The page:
A Different Spring
A short story by
Sam Lelliott

© 2012 Sam Lelliott

This story is copyrighted by Sam Lelliott, all rights reserved. Distribution, including but not limited to: posting on internet sites, newsgroups, or message boards, or in book form (either as a whole or part of a compilation), or on CD, DVD or any other electronic media, is expressly prohibited without the author's written consent.

Sam Evans had spent his life on the same farm with his doting parents in the valleys of Wales. In spring the sheep were lambing and things were a little better at the farm but far from good. The two sheep dogs Amber and Darcie were past the busiest time for them, but they still accompanied Sam and his dad to patrol the lower hillside to check on the lambs. Snow had been gently falling for the whole day, rare for late March, but not enough to cause a problem to the lambing season. So far all had gone well and Sam's father was looking forward to making just enough money to save the farm from going bust. Last year was a disaster for the family. The winter had closed in and 60% of the lambs had died.

Sam at the age of 14 had the task of helping his dad on the farm to try and keep things going. He did his best working long hours before and after school, many at this time of the year during the night to help his dad survive. His dad was one of the best and although he had a bad year last year his dad had tried to pay for Sam to go to France with the school. Unfortunately he hadn't been able to find the £200,00 needed. Although Sam was disappointed he knew his dad would have found the money if he could. Sam's mum was not in the best of health with arthritis causing her severe pain even at such a young age.

Sam had just started a ten day holiday for the school half term and looked forward during his spare time to do what he loved most, to wander the hills around the valley. He loved to get up high and look down on the beauty of the valley where he was born. He had explored quite a lot of the hills in the last eighteen months since his father had allowed him to wander on his own. So it was, wrapped up warm, that on Monday morning after he had helped his dad with the sheep and lambs, he set off on climbing a new hillside. He climbed up a barely visible track that rose steeply for a thousand feet into a small wood of fir trees. As he got to the edge of the wood he stopped to have a drink and a snack of mum's homemade rabbit pie. He sat in virtual silence listening to the small noises of the hills, mostly the sounds of the birds and soft far away noises of sheep. Yet his ears picked up a new sound. He listened hard for a while. Then it came to him, water flowing gently somewhere not far away. He was one of those boys who have a thirst for knowledge. After he finished his snack, he determined to find the place the sound came from. He set off, further up the hill into the wood. As he climbed the noise increased. Finally after a short while he saw it. Water flowing out of the ground for just a minute until a short distance further on quickly disappeared back underground, probably dropping down into caves inside the hill. Sam looked at the spring and then stood behind it. He noticed that he could see their newly refurbished barn immediately below him.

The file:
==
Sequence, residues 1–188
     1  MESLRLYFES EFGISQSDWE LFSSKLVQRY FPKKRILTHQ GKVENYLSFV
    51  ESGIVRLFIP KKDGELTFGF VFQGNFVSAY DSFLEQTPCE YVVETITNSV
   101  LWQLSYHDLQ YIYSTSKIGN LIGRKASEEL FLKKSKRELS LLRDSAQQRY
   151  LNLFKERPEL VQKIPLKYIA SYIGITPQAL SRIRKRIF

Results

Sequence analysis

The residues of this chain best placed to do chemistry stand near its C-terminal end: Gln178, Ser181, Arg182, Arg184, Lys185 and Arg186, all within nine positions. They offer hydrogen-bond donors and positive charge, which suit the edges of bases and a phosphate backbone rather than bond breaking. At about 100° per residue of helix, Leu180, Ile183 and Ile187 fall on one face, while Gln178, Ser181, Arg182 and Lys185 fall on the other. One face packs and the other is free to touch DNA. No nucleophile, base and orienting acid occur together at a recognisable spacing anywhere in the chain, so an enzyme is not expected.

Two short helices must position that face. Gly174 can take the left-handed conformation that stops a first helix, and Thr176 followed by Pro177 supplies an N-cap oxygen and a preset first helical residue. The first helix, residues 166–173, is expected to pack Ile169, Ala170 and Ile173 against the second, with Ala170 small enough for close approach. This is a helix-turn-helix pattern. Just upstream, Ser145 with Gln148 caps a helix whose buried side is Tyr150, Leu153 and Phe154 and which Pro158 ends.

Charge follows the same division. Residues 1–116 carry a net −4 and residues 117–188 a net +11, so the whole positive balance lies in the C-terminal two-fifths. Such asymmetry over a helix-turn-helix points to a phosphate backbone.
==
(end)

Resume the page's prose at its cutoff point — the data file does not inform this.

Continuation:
Sam was a bright practical thinking boy and saw something that might just, if he could get the help, save his father loosing the farm. It had been in the family for almost 200 years. He noted the spot where the water came out of the ground and set off back down the hill. If he hurried he could just catch the bus into town. He ran as best he could, he bypassed the farm to where the bus would stop if hailed. He just made it as the bus came round the corner. The driver saw Sam and pulled in to the edge of the road and Sam climbed the steps, greeted Ted the driver, showed his bus pass and then sat down. He felt excited about his idea but he knew he needed a lot of luck and the skill of others for it to work. Finally the bus got to town and Sam got off. Where should he go first? He made his decision and went to see his friends' father. Alan Hobbs was a good man and brilliant at what he did. Sam put his idea to him and Alan listened with interest. He gave Sam his answer and Sam thanked him for his kindness. His next port of call was the local bank. Sam had a small savings account there where he put the money his father would give him as and when he could. The bank manager Mr Giles knew Sam and his father well so when Sam asked to see him he was happy to do so.